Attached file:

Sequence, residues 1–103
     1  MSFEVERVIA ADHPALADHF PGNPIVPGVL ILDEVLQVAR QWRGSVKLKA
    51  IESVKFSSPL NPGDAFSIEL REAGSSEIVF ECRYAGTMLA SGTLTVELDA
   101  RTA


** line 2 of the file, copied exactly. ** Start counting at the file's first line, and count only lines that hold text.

     1  MSFEVERVIA ADHPALADHF PGNPIVPGVL ILDEVLQVAR QWRGSVKLKA